Ron Woodson and Jaime Rummerfield, co-owners of the Los Angeles design firm Woodson & Rummerfield’s House of Design, are true California style makers, thoughtfully combining Hollywood opulence and sleek modernity into their creations.
They decorate breathtaking homes for some of the most dynamic and eclectic personalities around the world, and often make appearances in magazines and television. Ron and Jaime have taken their trendsetting aesthetic to another level by introducing W&R Home, a whimsical and fashion-forward collection of furniture, wallpaper and accessories, and they launched their first book, High Style in 2008.
A deep-rooted appreciation for Hollywood history, California landscape, and the “high style” inherent in a city steeped in groundbreaking culture, architecture and design allows Ron and Jaime to bring their glamorous take on life into everyone’s home.
In an effort to give you a sneak peek into the highly anticipated window displays at LEGENDS OF LA CIENEGA 2011: CELEBRATE ART, we asked the Legends designers to share the inspiring thoughts and aesthetics behind their Legends window in the La Cienega Design Quarter. "The Legends Style Sheet" sponsored by Jean de Merry, presents a series of fun and unconventional interviews with our participating window display designers.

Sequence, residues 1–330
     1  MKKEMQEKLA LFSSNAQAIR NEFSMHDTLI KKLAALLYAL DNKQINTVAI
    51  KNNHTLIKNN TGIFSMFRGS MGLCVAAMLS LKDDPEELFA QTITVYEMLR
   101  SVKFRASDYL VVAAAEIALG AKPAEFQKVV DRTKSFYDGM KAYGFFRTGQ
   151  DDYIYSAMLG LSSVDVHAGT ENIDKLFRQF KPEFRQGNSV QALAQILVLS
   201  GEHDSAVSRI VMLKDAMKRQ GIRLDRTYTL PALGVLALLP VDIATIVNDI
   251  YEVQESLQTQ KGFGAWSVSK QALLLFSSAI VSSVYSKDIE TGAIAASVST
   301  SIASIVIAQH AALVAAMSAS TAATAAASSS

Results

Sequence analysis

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Franz Kline (1910-1962) was an American Abstract Expressionist painter born in Wilkes- Barre, Pennsylvania. He studied painting in the art department at Boston University and at Heatherley’s School in London. He returned and settled in New York and began panting views of New York in the tradition of Sloan and Glackens, and he also did portraits and seated figures. Some of his works circa 1946 were abstract or had a Cubist structure. He began in 1950 to make large-scale calligraphic abstract paintings in black and white. His first one-man exhibition was at the Egan Gallery, New York in 1950 and this quickly led to his recognition as one of the leading Abstract Expressionists. From 1958 he introduced strong colors into some of this works.
“You paint the way you have to in order to give. That’s life itself, and someone will look and say it is the product of knowing, but it has nothing to do with knowing, it has nothing to do with giving”.